Convoluted is the name of the game tonight.
Valentine’s day is tricky for me. Not because I’m lonely or because I’m jaded or what not. Because 2 years ago on Valentine’s day myself and a whole team of awesome people were let go from a job that I really thought was going to be My Job, the long haul job. It was a messy break up. There’s a post in my archives called Rocks in the Field if you care to read about it.
Anyway, Valentine’s makes me think about everything I accomplished during the years I worked for that company and how I do miss it and unfortunately how bitter I still am about the way it ended. But like any relationship I appreciate everything it allowed me to do and I wouldn’t take it back if given the option.
So happy Valentine’s to those who are On To Something Better, however you want to define what that is for you.
The roads in Ireland are so shiny when they’re wet that it is almost impossible to drive in the glare.
I have too many polygons.
Ten years after his death, however, Sebald’s work remains more or less entirely sui generis. Reading him is a wonderfully disorienting experience, not least because of the odd, invigorating uncertainty as to what it is, precisely, we are reading. His books occupy an unsettled, disputed territory on the border of fiction and fact, and this generic ambivalence is mirrored in the protean movements of his prose.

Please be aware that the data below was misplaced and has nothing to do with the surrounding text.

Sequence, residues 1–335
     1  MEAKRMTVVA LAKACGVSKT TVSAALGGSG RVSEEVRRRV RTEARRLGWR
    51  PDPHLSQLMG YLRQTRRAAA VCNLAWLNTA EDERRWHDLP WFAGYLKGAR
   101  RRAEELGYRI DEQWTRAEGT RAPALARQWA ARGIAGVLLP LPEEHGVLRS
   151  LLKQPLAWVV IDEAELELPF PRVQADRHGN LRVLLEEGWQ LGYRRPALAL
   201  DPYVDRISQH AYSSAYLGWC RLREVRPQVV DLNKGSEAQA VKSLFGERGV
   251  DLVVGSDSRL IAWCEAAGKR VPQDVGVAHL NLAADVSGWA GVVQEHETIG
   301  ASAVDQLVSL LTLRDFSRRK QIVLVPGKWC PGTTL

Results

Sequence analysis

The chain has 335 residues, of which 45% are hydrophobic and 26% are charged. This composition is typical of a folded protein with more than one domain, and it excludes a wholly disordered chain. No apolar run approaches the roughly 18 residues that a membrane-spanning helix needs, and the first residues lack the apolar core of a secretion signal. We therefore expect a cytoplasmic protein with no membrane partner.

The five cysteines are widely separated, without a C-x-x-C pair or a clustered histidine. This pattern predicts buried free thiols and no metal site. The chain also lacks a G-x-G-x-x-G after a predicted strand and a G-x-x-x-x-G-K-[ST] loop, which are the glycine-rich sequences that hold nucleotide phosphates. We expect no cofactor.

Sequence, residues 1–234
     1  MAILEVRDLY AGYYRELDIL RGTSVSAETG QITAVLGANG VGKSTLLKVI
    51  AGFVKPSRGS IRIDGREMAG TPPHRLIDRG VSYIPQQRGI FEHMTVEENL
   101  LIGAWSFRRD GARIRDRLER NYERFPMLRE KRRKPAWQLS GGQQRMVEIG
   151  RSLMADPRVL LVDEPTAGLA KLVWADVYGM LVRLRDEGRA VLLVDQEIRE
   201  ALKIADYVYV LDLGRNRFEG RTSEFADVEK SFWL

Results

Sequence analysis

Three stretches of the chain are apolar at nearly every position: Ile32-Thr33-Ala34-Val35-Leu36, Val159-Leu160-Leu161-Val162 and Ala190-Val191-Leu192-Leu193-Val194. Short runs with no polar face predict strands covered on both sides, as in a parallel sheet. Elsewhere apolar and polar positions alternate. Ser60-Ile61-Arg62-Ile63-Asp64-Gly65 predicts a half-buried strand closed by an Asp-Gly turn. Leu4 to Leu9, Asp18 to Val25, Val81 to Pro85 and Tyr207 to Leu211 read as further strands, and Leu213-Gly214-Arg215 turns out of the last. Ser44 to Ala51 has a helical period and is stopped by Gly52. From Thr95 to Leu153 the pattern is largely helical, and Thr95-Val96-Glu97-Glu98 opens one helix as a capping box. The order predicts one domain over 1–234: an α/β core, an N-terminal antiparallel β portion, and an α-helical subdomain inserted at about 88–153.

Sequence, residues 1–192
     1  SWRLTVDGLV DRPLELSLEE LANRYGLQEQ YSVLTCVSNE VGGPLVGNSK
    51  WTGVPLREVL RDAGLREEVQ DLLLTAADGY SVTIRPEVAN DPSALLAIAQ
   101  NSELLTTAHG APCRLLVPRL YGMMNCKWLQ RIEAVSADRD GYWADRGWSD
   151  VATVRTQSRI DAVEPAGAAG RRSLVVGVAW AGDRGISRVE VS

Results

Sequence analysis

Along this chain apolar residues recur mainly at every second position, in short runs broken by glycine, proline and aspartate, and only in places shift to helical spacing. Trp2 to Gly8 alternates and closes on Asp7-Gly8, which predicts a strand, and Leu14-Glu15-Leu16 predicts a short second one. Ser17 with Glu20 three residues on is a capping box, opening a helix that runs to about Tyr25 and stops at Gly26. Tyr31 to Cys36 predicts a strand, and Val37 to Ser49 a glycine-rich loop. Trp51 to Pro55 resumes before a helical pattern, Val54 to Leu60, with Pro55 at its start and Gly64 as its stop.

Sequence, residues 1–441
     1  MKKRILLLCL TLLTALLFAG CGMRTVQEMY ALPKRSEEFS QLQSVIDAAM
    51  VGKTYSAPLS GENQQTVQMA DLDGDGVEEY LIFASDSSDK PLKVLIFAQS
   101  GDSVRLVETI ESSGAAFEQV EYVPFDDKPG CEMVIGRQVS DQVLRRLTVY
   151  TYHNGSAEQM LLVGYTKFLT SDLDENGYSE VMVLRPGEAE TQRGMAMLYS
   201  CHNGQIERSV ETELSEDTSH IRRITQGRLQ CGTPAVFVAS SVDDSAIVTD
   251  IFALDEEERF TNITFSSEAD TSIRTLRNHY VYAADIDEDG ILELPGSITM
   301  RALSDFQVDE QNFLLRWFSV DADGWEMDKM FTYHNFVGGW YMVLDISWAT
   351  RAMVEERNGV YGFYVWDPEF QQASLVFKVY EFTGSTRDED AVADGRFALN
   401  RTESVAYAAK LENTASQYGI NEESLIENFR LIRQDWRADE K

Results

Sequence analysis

Just found this article written 3 years ago about one of my favorite authors, WG Sebald. I discovered his books as I often find most of my favorites: randomly selected at the library because I was captivated by the jacket, a fairly simple and nondescript white cover with a sepia photograph of a blond boy in a cape and regalia.
Sebald’s writing is unique and mysterious and sometimes difficult to get through, but the challenge of reading his book “Austerlitz” was satisfying enough to move me on to his other novels, “The Emigrates” and “The Rings of Saturn”.
Sebald is practically unknown in the US, like the article points out. And it’s really a shame, because while we were all exclaiming how amazing and different “A Visit from the Goon Squad” was, back in 2011, 10 years earlier “Austerlitz” had been published, and is, I think, the contemporary original chronological mind-melt of prose. The words “figurative”, “rambling” and “documentary fiction” are all used in this article to describe Sebald’s writing, and isn’t that what we kind of found so interesting about “A Visit From the Good Squad”?
Although, I suppose Sebald didn’t write entire chapters in Powerpoint.